MENTOR and its network of affiliates also support National Mentoring Month, to increase awareness about the impacts mentors can have on youth and encourage civic leaders and stakeholders to prioritize and invest in mentoring programs and opportunities16.

Implementation Resources

Resources with a focus on equity.

NMRC-Mentoring - National Mentoring Resource Center (NMRC). Supporting youth mentoring practitioners across the country.

YG-Mentoring resources - (YG), Interagency Working Group on Youth Programs (IWGYP). Youth topic: Mentoring.

Check and Connect - University of Minnesota. Check & Connect: A comprehensive student engagement intervention.

MENTOR - MENTOR. MENTOR: The national mentoring partnership that promotes, advocates, and is a resource for mentoring.

MENTOR-Mentoring connector database - MENTOR. MENTOR's Mentoring Connector database: A free national database of mentoring programs across the country.


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1 Campbell-Wilson 2011 - Wilson SJ, Tanner-Smith EE, Lipsey MW, Steinka-Fry KT, Morrison J. Dropout prevention and intervention programs: Effects on school completion and dropout among school-aged children and youth: A systematic review. Campbell Systematic Reviews. 2011:8.

2 IES WWC-Rumberger 2017 - Rumberger R, Addis H, Allensworth E, et al. Preventing dropout in secondary schools. Washington, D.C.: National Center for Education Evaluation and Regional Assistance (NCEE), U.S. Department of Education (U.S. ED), Institute of Education Sciences (IES), What Works Clearinghouse (WWC); 2017.

3 Mac Iver 2017 - Mac Iver MA, Sheldon S, Naeger S, Clark E. Mentoring students back on-track to graduation: Program results from five communities. Education and Urban Society. 2017;49(7):643-675.

4 CG-TFR Education - The Guide to Community Preventive Services (The Community Guide). Task Force Recommends (TFR) center-based early childhood education programs (ECE) to improve educational outcomes that are associated with long-term health as well as social- and health-related outcomes.

5 Lindsay 2016 - Lindsay S, Hartman LR, Fellin M. A systematic review of mentorship programs to facilitate transition to post-secondary education and employment for youth and young adults with disabilities. Disability and Rehabilitation. 2016;38(14):1329-1349.

6 Child Trends-Lawner 2013 - Lawner EK, Beltz M, Moore KA. What works for mentoring programs: Lessons from experimental evaluations of programs and interventions. Bethesda, MD: Child Trends; 2013.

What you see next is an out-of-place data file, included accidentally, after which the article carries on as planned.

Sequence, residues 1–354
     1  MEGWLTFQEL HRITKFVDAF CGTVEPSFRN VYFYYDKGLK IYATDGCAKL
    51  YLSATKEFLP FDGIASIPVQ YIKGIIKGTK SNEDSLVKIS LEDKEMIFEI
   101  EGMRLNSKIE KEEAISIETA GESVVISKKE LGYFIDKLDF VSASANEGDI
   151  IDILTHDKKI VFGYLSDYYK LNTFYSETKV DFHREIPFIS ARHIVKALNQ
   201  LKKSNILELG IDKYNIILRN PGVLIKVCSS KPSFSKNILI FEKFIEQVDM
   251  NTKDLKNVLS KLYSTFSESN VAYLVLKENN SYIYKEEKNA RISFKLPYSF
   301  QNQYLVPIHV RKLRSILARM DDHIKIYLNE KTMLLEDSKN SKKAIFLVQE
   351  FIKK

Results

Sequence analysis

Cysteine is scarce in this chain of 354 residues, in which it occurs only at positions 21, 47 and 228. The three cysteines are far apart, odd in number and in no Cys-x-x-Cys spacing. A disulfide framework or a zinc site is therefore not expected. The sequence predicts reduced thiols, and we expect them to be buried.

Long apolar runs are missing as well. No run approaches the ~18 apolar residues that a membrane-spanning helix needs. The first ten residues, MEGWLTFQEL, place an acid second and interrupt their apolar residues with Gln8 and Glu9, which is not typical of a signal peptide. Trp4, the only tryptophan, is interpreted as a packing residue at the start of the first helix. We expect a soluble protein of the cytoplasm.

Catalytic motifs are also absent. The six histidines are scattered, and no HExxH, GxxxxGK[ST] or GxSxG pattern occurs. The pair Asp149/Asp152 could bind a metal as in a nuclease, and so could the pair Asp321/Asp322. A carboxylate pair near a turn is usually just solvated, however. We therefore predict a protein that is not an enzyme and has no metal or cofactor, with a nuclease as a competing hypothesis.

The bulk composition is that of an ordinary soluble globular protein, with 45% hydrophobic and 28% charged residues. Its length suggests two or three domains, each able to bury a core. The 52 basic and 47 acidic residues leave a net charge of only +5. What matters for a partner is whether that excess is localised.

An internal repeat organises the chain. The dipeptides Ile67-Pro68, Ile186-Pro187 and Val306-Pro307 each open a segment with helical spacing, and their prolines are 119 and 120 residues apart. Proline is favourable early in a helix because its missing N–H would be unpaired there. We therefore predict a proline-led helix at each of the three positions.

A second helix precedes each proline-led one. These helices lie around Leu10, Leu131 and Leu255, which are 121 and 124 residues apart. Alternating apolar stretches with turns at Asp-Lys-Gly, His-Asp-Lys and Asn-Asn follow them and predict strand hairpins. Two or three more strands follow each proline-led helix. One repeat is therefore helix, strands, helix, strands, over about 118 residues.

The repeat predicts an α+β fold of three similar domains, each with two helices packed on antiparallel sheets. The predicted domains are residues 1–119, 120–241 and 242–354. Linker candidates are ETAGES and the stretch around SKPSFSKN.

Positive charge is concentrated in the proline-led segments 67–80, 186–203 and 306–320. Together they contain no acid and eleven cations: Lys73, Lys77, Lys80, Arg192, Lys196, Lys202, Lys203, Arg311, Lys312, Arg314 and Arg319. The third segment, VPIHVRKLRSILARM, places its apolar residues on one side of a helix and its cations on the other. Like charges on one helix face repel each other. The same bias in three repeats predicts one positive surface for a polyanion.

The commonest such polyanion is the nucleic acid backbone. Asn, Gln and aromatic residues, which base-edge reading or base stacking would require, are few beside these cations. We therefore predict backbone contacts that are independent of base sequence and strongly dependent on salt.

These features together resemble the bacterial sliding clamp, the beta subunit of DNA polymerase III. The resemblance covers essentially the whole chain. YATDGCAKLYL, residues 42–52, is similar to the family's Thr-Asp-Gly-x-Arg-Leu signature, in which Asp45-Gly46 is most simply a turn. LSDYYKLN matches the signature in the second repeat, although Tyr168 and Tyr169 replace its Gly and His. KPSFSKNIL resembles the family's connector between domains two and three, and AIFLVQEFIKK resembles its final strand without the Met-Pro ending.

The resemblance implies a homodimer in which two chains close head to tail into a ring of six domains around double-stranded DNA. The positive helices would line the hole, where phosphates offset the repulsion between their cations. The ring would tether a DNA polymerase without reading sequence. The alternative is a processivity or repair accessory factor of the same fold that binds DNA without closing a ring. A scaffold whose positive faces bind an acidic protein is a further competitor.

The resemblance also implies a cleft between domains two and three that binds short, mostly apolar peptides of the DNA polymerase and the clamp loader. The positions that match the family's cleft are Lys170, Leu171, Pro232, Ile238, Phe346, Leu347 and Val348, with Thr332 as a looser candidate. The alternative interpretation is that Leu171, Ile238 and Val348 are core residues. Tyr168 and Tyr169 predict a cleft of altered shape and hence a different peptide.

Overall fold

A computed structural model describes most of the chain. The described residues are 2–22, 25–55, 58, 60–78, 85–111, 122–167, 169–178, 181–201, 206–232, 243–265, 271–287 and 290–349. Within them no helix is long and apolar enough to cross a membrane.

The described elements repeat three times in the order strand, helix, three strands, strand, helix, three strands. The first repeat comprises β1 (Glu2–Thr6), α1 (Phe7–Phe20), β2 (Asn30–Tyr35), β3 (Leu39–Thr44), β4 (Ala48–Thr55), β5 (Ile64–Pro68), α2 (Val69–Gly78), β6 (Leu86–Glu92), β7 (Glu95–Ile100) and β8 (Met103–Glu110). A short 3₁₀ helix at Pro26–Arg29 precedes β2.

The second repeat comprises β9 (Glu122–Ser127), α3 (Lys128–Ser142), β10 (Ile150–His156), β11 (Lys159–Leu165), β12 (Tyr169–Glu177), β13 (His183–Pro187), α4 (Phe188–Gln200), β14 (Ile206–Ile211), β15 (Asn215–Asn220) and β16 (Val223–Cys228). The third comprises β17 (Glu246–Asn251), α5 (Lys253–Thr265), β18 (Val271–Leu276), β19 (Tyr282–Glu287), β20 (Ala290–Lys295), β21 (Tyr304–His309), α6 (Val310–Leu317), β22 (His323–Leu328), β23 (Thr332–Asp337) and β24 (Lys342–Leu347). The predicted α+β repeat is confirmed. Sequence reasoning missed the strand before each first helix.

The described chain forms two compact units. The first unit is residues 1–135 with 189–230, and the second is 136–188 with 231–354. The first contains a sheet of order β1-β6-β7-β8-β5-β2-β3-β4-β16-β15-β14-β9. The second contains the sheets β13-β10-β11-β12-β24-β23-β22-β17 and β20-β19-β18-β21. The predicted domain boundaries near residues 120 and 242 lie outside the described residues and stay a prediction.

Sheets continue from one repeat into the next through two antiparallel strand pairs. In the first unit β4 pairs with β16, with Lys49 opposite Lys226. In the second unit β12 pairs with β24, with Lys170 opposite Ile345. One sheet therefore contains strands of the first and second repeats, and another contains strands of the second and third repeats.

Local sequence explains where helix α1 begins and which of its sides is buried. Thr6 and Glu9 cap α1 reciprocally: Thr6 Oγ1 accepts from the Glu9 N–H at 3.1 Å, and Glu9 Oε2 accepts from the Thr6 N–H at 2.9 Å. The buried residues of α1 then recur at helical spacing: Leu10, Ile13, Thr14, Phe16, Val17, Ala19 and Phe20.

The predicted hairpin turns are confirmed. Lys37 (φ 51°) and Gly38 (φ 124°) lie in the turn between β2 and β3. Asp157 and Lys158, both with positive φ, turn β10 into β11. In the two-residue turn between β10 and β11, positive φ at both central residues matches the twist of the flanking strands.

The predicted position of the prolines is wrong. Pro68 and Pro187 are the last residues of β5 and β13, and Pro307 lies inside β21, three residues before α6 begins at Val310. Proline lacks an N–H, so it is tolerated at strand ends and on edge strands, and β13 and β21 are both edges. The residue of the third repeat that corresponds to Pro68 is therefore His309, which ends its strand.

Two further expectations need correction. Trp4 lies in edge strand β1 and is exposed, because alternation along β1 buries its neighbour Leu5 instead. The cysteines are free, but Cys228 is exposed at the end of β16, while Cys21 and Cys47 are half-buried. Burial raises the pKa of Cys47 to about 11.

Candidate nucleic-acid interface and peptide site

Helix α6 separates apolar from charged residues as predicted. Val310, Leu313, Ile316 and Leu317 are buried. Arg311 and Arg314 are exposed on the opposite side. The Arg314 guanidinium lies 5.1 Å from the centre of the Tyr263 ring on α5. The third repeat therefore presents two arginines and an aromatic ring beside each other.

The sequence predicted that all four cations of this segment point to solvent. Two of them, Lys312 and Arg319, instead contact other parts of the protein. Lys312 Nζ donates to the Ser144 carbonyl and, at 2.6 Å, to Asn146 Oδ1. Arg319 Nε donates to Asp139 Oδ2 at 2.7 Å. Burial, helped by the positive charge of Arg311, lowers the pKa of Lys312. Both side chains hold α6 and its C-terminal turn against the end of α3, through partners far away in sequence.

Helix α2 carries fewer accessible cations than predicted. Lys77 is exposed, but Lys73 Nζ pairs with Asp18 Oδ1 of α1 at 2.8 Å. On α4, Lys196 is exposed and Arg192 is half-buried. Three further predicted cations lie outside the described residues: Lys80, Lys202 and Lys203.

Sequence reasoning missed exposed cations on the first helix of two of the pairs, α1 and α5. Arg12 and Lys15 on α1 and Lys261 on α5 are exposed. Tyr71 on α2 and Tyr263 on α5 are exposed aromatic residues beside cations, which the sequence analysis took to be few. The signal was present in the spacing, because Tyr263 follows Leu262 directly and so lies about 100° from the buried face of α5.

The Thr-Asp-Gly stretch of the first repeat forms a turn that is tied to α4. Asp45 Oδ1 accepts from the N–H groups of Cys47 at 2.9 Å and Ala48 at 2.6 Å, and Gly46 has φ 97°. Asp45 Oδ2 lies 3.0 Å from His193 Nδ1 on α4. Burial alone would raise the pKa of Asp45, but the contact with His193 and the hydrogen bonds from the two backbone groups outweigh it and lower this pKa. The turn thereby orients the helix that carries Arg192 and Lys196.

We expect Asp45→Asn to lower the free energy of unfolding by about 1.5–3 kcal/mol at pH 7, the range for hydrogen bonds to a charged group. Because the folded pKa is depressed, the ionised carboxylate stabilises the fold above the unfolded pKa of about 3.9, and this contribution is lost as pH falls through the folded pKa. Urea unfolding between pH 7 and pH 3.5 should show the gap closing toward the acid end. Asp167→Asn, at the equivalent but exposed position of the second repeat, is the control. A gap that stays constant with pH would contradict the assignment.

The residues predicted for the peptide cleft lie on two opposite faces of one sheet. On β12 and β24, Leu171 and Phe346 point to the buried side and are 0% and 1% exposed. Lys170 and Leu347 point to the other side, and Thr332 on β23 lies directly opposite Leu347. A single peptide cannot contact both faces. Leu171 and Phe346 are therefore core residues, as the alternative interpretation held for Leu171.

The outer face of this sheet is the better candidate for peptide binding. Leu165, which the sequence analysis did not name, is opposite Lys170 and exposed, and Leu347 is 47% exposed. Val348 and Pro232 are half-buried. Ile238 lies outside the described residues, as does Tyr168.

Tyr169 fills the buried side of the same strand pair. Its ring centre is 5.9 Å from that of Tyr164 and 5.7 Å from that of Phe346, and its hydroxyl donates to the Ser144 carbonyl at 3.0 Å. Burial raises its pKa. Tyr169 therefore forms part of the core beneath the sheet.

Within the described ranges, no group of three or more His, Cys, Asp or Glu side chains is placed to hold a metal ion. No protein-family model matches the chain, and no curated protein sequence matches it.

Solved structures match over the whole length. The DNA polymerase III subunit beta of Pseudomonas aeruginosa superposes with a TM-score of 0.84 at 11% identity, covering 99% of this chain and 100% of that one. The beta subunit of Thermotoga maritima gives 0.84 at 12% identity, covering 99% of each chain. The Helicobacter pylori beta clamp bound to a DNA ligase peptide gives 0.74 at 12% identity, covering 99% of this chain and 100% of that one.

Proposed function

7 MDRC-Bayer 2013 - Bayer A, Grossman JB, DuBois DL. School-based mentoring programs: Using volunteers to improve the academic outcomes of underserved students. Manpower Demonstration Research Corporation (MDRC); 2013.

8 NBER-Guryan 2020 - Guryan J, Christenson S, Cureton A, et al. The effect of mentoring on school attendance and academic outcomes: A randomized evaluation of the Check & Connect program. National Bureau of Economic Research (NBER). 2020: Working Paper 27661.

9 Chan 2020a - Chan WY, Kuperminc GP, Seitz S, Wilson C, Khatib N. School-based group mentoring and academic outcomes in vulnerable high-school students. Youth & Society. 2020;52(7):1220-1237.

10 Kuperminc 2020 - Kuperminc GP, Chan WY, Hale KE, Joseph HL, Delbasso CA. The role of school‐based group mentoring in promoting resilience among vulnerable high school students. American Journal of Community Psychology. 2020;65:136-148.

11 Heppen 2018 - Heppen JB, Zeiser K, Holtzman DJ, et al. Efficacy of the Check & Connect mentoring program for at-risk general education high school students. Journal of Research on Educational Effectiveness. 2018;11(1):56-82.

12 SPTW - Social Programs That Work (SPTW). Full list of programs.

13 Check and Connect - University of Minnesota. Check & Connect: A comprehensive student engagement intervention.

14 YB-Mentoring - YouthBuild (YB). YouthBuild mentoring.

15 MENTOR - MENTOR. MENTOR: The national mentoring partnership that promotes, advocates, and is a resource for mentoring.

16 MENTOR-Mentoring month - MENTOR. National mentoring month.

17 Urban-Hanson 2016 - Hanson D. Mentoring may help young men of color achieve academic success. Washington, D.C.: Urban Institute; 2016.

18 Glass 2023 - Glass LE. Social capital and first-generation college students: Examining the relationship between mentoring and college enrollment. Education and Urban Society. 2023;55(2):143-174.

19 Brookings-Reber 2023 - Reber S, Smith E. College enrollment disparities: Understanding the role of academic preparation. Washington, D.C.: Center on Children and Families at Brookings Institution; 2023.

20 Braveman 2022 - Braveman PA, Arkin E, Proctor D, Kauh T, Holm N. Systemic and structural racism: Definitions, examples, health damages, and approaches to dismantling. Health Affairs. 2022;41(2):171-178.

21 EPI-Rothstein 2014 - Rothstein R. Brown v. Board at 60: Why have we been so disappointed? What have we learned? Washington, D.C.: Economic Policy Institute (EPI); 2014.

22 Knight 2022 - Knight DS, Hassairi N, Candelaria CA, Sun M, Plecki ML. Prioritizing school finance equity during an economic downturn: Recommendations for state policy makers. Education Finance and Policy. 2022;17(1):188-199.